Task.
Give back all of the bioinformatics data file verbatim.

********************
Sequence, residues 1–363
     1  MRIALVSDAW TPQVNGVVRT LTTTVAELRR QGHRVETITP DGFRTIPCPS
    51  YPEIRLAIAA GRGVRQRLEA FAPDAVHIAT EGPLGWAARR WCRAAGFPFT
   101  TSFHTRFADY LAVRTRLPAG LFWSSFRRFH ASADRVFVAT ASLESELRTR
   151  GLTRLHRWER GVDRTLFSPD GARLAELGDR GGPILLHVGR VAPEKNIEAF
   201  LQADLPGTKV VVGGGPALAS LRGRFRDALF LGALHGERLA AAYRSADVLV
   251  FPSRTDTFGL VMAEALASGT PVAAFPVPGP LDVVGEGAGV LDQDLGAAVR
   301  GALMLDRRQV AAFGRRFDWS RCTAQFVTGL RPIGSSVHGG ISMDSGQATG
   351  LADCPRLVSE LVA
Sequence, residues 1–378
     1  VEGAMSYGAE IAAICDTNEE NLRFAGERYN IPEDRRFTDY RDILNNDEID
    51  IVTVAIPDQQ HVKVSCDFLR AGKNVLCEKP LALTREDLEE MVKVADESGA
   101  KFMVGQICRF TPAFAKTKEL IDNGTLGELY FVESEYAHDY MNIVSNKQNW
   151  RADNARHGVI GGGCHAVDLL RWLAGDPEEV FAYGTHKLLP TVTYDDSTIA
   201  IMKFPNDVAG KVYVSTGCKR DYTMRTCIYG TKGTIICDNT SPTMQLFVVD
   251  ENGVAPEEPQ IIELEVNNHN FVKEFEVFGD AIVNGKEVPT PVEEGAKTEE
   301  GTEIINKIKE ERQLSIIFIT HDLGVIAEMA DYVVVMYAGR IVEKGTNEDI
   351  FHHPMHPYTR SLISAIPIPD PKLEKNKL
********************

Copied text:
Sequence, residues 1–363
     1  MRIALVSDAW TPQVNGVVRT LTTTVAELRR QGHRVETITP DGFRTIPCPS
    51  YPEIRLAIAA GRGVRQRLEA FAPDAVHIAT EGPLGWAARR WCRAAGFPFT
   101  TSFHTRFADY LAVRTRLPAG LFWSSFRRFH ASADRVFVAT ASLESELRTR
   151  GLTRLHRWER GVDRTLFSPD GARLAELGDR GGPILLHVGR VAPEKNIEAF
   201  LQADLPGTKV VVGGGPALAS LRGRFRDALF LGALHGERLA AAYRSADVLV
   251  FPSRTDTFGL VMAEALASGT PVAAFPVPGP LDVVGEGAGV LDQDLGAAVR
   301  GALMLDRRQV AAFGRRFDWS RCTAQFVTGL RPIGSSVHGG ISMDSGQATG
   351  LADCPRLVSE LVA
Sequence, residues 1–378
     1  VEGAMSYGAE IAAICDTNEE NLRFAGERYN IPEDRRFTDY RDILNNDEID
    51  IVTVAIPDQQ HVKVSCDFLR AGKNVLCEKP LALTREDLEE MVKVADESGA
   101  KFMVGQICRF TPAFAKTKEL IDNGTLGELY FVESEYAHDY MNIVSNKQNW
   151  RADNARHGVI GGGCHAVDLL RWLAGDPEEV FAYGTHKLLP TVTYDDSTIA
   201  IMKFPNDVAG KVYVSTGCKR DYTMRTCIYG TKGTIICDNT SPTMQLFVVD
   251  ENGVAPEEPQ IIELEVNNHN FVKEFEVFGD AIVNGKEVPT PVEEGAKTEE
   301  GTEIINKIKE ERQLSIIFIT HDLGVIAEMA DYVVVMYAGR IVEKGTNEDI
   351  FHHPMHPYTR SLISAIPIPD PKLEKNKL